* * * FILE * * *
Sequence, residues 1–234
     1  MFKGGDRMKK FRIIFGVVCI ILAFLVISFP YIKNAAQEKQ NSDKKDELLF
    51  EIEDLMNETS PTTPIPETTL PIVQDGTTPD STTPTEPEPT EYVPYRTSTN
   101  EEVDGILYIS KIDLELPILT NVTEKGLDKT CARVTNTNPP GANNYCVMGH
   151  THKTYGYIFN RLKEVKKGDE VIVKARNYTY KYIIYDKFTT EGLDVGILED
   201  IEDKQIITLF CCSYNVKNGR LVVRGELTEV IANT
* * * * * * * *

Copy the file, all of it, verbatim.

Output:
Sequence, residues 1–234
     1  MFKGGDRMKK FRIIFGVVCI ILAFLVISFP YIKNAAQEKQ NSDKKDELLF
    51  EIEDLMNETS PTTPIPETTL PIVQDGTTPD STTPTEPEPT EYVPYRTSTN
   101  EEVDGILYIS KIDLELPILT NVTEKGLDKT CARVTNTNPP GANNYCVMGH
   151  THKTYGYIFN RLKEVKKGDE VIVKARNYTY KYIIYDKFTT EGLDVGILED
   201  IEDKQIITLF CCSYNVKNGR LVVRGELTEV IANT